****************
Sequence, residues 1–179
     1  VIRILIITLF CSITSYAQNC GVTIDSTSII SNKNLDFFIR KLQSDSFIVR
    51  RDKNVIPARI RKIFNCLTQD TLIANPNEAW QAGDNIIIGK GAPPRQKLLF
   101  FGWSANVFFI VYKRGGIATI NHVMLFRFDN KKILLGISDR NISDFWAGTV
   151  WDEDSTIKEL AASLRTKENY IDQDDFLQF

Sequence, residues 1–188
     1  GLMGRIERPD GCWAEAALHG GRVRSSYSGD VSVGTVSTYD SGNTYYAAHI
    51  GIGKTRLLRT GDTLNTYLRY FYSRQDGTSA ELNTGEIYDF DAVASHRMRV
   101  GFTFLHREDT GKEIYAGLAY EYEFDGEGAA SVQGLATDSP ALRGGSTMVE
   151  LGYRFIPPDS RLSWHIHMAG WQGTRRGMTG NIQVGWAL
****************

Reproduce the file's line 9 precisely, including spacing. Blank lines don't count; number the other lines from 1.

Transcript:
   101  GFTFLHREDT GKEIYAGLAY EYEFDGEGAA SVQGLATDSP ALRGGSTMVE